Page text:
6. The State Tax Service of Ukraine. (2021, January 15). The Official website. Retrieved from http://tax.gov.ua/media-tsentr/novini/407585.html
7. Austvold, G. (2020). Sustainable Takeout Packaging: A Smart Choice for Your Business. Green Business Bereau. Retrieved from https://greenbusinessbureau.com/blog/sustainable -takeout -packaging -what -you - need - to - know/
8. The Civil Code of Ukraine (2003). The Bulletin of the Verkhovna Rada of Ukraine, 16/ 435 Retrieved from http://search.ligazakon.ua/l_doc2.nsf/link1/T030435.htmlhttp://search.ligazakon.ua/l_doc2.nsf/link1/T030435.html
9. On Financial Services and State Regulation of Financial Services Markets: the Law of Ukraine (2001). The Bulletin of the Verkhovna Rada of Ukraine, 26 (64). Retrieved from https: //search.ligazakon.ua/l_doc2.nsf/link1/ T012664.html
Bohdan spoke about "Healing a socialist body: Soviet Ukrainian television and media psychotherapy".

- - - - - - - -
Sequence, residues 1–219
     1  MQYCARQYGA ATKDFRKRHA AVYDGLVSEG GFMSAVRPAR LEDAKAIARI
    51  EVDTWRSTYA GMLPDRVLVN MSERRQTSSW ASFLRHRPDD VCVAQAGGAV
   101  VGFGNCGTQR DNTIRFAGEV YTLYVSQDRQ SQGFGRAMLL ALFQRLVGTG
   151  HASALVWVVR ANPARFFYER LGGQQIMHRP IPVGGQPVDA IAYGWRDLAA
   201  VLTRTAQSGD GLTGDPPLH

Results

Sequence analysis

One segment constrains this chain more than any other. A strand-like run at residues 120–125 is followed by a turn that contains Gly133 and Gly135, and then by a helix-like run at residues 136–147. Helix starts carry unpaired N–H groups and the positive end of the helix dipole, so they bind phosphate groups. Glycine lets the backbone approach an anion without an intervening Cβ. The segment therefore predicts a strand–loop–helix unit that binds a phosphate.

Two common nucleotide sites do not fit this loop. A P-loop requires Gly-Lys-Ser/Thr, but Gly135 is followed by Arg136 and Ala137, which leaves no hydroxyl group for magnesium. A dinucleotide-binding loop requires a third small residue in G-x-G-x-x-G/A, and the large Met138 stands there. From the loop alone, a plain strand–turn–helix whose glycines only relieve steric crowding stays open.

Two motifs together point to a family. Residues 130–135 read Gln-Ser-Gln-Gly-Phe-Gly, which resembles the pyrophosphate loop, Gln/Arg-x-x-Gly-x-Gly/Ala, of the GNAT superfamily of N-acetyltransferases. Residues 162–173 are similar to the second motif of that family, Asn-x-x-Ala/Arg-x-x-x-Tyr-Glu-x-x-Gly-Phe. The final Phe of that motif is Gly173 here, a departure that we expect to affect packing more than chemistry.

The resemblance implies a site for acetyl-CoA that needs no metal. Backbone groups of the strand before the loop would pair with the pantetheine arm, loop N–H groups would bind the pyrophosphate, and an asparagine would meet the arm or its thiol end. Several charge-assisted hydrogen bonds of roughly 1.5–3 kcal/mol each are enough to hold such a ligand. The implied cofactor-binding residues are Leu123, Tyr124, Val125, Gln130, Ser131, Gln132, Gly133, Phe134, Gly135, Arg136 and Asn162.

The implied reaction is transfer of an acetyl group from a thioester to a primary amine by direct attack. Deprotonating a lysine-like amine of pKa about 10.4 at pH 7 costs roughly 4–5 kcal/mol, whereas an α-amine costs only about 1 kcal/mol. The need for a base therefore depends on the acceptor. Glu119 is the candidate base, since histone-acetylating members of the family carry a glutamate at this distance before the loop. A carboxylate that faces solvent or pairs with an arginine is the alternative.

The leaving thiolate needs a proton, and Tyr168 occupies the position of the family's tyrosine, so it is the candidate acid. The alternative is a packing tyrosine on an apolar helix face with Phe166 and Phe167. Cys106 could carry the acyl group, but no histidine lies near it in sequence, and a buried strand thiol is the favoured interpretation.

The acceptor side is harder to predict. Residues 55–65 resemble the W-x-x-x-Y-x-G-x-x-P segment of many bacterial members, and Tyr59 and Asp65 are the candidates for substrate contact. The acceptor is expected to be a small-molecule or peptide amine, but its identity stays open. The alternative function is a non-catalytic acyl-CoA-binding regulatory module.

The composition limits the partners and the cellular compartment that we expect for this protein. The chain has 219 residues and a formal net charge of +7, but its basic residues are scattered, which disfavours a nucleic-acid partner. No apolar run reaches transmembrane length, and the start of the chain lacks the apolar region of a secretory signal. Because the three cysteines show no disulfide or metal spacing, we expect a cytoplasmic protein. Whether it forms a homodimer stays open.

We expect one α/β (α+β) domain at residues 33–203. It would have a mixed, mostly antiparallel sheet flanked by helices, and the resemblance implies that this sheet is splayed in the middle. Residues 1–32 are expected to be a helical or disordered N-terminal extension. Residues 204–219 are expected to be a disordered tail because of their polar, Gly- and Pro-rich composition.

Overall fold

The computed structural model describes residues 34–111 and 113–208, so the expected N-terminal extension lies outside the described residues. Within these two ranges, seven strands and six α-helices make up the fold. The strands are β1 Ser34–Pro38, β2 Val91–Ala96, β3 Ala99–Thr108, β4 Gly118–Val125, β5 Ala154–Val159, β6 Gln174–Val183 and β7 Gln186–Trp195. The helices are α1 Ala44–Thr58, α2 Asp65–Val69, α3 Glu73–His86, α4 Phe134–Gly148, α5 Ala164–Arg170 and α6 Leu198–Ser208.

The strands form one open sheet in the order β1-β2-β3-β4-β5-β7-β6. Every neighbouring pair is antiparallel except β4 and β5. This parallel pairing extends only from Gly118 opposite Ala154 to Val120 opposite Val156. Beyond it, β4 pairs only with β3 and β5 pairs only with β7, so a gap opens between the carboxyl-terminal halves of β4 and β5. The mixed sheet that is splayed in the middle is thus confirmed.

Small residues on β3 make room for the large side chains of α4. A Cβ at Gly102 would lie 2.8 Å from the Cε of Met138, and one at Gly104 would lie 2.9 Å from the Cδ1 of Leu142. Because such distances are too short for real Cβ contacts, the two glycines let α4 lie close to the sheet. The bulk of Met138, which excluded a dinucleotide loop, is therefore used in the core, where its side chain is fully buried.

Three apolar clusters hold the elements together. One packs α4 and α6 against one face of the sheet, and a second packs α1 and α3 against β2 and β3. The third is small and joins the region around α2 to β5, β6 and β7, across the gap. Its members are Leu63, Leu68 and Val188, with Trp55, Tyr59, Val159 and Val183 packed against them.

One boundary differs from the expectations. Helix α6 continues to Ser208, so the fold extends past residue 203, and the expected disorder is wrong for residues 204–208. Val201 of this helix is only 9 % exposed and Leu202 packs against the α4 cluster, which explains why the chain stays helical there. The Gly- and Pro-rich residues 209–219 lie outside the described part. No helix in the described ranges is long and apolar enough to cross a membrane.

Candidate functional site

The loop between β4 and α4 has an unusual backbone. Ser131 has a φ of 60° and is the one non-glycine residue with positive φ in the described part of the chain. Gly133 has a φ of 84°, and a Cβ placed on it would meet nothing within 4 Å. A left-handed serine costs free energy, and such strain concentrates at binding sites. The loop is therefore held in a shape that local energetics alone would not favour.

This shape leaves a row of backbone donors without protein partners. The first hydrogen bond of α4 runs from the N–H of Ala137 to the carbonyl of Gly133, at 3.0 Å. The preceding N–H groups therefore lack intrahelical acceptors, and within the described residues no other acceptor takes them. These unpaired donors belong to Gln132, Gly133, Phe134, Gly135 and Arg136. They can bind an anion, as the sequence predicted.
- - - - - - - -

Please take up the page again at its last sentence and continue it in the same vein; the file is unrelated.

On March 31, 1988, Soviet television introduced the media bridge between Moscow and Kyiv with the popular television program "Vzgliad". This program, which had an experimental character in the spirit of Perestroika, showed amazing surgery, which aimed to improve the health of Soviet people by the means of media. A Ukrainian physician, Anatolii Kashpirovskii, performed through a TV-bridge remote drug-free anaesthesia from Moscow while a surgeon made operation in Kyiv. In 1989 Kashpirovskii delivered six programs of the so-called televised healings and soon after media therapeutic broadcasts were stopped. The case of Kashpirovskii and televised surgeries, followed by the repetitive mass TV hypnosis sessions in 1989, exposed several aspects of late Soviet history: late détente, televisual experiments, media bridges, and perception of the socialist body. My talk explores Ukrainian broadcasts of 1989 and how they were perceived by both common people, media professionals, and medical circles. Late Soviet television shaped by these broadcasts specific “unimaginative imagination,” which I will address.
Links / literature:
Alexey Golubev, Ordinary and Paranormal: The Soviet Television Set, In: The Things of Life: Materiality in Late Soviet Russia (Cornell University Press, 2020), https://www.cornellpress.cornell.edu/book/9781501752889/the-things-of-life/